Federal officials are reviewing annual catch limits for 11 Alaska Native communities whose subsistence hunters are authorized to harvest bowhead whales. The National Oceanic and Atmospheric Administration (NOAA) says the public has until Sept. 14 to comment on quotas for a six-year period to begin in 2019. The International Whaling Commission, which has final say on quotas for subsistence harvesting of large whales, meets next in Brazil in 2018. click here to read the story 10:46

URI, Commercial Fisheries Center combine to create apprentice program in commercial fishing

In early July, a group of apprentices joined a pilot program designed to train new commercial fishermen and women. When the program ended 20 days later, not a single apprentice had dropped out. “We were very pleased with that,” said Barbara Somers, a research associate at the University of Rhode Island’s Department of Fisheries, Animal and Veterinary Science who helped put the program together. “We started with 12 and we ended with 12.” The program, funded by a $100,000 grant from the National Fish and Wildlife Foundation of the National Oceanic and Atmospheric Administration (NOAA), was a joint initiative of URI and the Commercial Fisheries Center of Rhode Island, a non-profit group representing nine fishing organizations. The goal was to produce skilled crews to replenish the declining ranks of the Rhode Island commercial fishery. click here to read the story 08:26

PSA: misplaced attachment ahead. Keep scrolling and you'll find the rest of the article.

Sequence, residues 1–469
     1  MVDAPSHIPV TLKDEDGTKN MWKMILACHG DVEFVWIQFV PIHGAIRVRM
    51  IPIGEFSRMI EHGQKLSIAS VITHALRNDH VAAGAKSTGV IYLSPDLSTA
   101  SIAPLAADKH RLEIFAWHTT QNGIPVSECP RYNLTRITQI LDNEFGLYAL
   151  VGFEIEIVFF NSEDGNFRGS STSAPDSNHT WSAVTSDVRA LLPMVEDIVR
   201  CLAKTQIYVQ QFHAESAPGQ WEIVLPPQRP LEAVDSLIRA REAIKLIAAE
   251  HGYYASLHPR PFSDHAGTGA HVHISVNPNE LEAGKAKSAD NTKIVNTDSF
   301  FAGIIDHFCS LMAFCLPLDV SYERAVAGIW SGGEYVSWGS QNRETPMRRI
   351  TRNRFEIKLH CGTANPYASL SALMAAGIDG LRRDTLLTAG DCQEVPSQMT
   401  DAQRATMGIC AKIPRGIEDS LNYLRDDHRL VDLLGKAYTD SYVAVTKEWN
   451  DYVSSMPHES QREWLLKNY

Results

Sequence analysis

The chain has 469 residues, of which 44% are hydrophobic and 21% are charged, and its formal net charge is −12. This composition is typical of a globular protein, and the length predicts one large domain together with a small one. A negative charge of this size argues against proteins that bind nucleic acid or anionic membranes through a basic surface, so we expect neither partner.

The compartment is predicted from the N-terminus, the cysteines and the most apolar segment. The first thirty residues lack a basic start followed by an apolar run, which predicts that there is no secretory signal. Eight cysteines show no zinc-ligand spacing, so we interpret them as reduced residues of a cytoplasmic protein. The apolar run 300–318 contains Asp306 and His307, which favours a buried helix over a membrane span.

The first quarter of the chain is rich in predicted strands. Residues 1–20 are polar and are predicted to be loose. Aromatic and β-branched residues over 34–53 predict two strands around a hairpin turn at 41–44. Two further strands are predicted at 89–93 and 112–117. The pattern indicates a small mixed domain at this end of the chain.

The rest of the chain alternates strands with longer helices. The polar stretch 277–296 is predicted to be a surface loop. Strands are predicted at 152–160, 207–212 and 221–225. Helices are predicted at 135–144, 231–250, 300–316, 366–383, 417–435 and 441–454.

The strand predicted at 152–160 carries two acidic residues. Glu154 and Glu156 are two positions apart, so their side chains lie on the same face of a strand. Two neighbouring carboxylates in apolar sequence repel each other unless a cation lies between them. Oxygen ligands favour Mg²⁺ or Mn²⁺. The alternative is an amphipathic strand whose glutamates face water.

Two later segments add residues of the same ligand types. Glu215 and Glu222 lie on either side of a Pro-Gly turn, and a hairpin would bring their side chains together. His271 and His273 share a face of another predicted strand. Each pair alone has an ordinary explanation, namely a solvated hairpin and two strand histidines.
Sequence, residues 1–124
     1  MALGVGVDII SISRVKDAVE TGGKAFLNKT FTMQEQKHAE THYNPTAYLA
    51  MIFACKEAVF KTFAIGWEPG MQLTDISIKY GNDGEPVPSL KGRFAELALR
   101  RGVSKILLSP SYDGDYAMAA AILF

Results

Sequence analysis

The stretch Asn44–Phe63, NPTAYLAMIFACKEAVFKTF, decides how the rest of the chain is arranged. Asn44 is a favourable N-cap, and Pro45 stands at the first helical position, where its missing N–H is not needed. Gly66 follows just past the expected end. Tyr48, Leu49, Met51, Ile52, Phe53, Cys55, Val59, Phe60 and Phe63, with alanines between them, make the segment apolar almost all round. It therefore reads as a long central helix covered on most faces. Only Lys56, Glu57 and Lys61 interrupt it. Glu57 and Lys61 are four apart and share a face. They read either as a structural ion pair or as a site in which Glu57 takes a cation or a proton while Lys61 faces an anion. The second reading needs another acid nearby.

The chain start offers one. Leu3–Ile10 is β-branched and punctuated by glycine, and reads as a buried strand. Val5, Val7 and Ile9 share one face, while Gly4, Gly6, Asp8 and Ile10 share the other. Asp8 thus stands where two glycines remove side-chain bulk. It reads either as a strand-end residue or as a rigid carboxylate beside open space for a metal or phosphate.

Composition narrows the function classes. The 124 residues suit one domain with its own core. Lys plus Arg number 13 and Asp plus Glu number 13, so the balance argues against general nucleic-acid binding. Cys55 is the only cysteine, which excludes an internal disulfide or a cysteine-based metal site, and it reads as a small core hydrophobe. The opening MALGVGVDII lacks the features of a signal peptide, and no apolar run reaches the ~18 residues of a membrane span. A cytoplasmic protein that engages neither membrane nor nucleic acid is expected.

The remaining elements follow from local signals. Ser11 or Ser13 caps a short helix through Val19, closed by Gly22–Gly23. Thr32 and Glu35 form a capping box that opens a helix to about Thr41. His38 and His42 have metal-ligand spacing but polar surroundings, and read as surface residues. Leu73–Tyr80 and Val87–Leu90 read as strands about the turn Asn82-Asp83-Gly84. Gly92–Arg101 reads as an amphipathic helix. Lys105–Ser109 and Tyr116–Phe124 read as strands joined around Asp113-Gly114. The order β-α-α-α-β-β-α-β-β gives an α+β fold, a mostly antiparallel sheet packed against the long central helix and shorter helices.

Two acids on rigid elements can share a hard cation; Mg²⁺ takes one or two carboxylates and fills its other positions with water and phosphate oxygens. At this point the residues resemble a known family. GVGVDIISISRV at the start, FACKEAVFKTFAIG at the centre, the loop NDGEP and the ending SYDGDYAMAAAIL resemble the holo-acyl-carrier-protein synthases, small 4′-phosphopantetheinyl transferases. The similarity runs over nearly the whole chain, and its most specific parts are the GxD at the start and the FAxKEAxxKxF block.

Carlos Rafael files a motion of opposition to forfeiture